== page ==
What if Every Major Religious Holiday Were a National Holiday?

There were a few articles (, , and ) in The Economist over the last few issues that got me thinking about religion. And not any one particular religion — all of them — and how they might be very much interrelated. At the same time, I often think about the growing . It seems the ways of balance has completely gone out the window.

There are lots of different explanations as to why people continue to overwork themselves. One from this claims that Americans mistake overwork for good work. Meaning, they think that if they work harder (they’ll be working better). by way of a calculator that lets you visually see how much time you’re spending on a variety of activities, which include: work, sleep, leisure, chores, meals, commute, etc.

Another contribution to the nature of overworking is the amount of holidays that people are ‘allowed’ to take. In some countries, it’s pretty to have 6, 7, or 8 weeks as holidays. We could also say the workweek itself is a pressure to work harder. In France, they have a . There’s also the idea that you need to work longer hours in order to .

Circling back to my initial point about religion: there are certain days in countries that are designated as . In the US, for instance, Easter and Christmas are holidays for which it is illegal to mandate that someone needs to be at work. According to , there are an assortment of religions represented across the United States.

So, my “big” idea: make all the major religious holidays national holidays.

When I say national holiday, I mean that these are days that are mandatory days off for businesses. I realize that this kind of idea would take an enormous amount of planning, that there would need to be legislation passed, that we’d need to define “major religious holidays,” and all that jazz, but just think about it (abstractly) for a moment.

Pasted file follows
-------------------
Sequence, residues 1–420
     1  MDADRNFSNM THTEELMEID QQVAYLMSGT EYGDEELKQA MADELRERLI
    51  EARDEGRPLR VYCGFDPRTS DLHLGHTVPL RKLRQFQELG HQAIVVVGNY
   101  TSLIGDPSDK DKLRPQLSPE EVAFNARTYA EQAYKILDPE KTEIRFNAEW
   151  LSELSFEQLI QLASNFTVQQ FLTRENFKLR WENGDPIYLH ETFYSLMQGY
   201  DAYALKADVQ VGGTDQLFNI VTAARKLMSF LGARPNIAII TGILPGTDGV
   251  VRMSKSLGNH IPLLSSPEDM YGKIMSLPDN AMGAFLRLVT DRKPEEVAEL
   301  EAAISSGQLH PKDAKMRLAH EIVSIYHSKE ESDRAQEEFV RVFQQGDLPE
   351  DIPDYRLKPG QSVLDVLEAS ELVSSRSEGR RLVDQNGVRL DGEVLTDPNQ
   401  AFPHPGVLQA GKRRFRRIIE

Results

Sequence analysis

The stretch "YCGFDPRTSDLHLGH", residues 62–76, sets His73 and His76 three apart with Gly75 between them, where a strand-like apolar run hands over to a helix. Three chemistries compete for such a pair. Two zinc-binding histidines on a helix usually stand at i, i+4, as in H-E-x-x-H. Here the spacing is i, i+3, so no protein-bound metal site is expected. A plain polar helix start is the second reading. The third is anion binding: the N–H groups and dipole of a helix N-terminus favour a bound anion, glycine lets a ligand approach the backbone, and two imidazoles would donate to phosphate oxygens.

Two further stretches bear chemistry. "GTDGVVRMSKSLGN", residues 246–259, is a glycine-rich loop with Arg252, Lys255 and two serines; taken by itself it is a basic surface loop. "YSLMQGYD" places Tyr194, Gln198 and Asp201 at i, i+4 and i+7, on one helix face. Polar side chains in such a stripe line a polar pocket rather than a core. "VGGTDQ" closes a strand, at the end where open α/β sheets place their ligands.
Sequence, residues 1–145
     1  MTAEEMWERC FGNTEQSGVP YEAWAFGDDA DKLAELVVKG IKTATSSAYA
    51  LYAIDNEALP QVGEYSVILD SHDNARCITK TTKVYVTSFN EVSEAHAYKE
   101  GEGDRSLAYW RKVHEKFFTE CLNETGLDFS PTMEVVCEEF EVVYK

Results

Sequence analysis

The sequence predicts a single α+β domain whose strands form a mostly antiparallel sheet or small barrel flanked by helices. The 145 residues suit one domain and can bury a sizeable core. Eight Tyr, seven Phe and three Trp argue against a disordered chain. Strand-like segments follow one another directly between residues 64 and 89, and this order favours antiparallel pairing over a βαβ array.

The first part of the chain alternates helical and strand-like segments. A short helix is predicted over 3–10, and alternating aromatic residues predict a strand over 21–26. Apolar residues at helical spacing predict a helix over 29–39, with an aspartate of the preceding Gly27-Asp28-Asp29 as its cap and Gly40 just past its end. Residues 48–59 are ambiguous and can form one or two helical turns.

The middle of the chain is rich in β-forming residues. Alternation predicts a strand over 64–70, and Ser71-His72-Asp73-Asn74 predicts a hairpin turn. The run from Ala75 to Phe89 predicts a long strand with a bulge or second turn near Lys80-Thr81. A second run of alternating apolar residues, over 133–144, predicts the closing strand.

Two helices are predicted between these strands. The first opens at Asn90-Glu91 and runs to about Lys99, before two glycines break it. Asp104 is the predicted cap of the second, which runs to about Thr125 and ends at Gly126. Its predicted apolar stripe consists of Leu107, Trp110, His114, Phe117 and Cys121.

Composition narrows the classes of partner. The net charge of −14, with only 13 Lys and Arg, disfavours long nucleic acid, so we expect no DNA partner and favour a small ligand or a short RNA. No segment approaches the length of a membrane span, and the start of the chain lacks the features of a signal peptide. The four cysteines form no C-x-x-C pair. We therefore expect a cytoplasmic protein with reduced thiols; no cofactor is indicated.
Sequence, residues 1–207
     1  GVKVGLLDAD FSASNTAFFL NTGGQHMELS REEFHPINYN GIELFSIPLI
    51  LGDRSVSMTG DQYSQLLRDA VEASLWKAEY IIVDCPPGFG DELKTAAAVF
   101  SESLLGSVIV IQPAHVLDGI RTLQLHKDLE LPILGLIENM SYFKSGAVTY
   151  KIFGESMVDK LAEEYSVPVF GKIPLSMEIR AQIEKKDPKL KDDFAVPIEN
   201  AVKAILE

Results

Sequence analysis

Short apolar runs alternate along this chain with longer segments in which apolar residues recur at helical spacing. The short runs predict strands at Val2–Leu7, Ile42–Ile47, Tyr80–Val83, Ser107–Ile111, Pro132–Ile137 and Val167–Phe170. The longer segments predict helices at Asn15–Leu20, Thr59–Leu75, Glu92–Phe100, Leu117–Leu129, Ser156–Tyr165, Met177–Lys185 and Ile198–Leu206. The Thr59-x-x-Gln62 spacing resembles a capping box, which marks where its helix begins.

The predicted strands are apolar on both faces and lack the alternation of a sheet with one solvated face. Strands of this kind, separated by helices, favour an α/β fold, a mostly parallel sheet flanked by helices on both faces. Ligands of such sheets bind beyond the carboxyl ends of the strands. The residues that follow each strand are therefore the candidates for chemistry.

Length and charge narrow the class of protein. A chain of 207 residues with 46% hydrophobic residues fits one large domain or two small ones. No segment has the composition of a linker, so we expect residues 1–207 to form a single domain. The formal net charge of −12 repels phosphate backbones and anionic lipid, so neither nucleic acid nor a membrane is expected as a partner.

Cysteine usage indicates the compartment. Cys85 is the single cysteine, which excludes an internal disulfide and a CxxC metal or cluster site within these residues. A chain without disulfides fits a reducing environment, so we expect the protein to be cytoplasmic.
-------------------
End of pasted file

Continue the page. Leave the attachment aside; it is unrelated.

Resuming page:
Think about the extra days off to spend with family. Think about the prospect of religious acceptance for the younger generations. Instead of just “taking the day off and ,” parents could spend the day with their kids explaining to them what the major holiday means to that religion. Or, if there were no kids, the adults could take the day to learn about the culture and religion for the holiday. This could definitely foster a greater sense of compassion and empathy between people of different faiths.

Published by Jeremiah Stanghini

Jeremiah's primary aim is to provide readers with a new perspective. In the same vein as the "Blind Men and the Elephant," it can be difficult to know when one is looking at the big picture or if one is simply looking at a 'tusk' or a 'leg.' He writes on a variety of topics: psychology, business, science, entertainment, politics, history, etc.

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  1. Religious holiday means to celebrate that religious day. I think it is all about gathering of family and make fun. moowar.com


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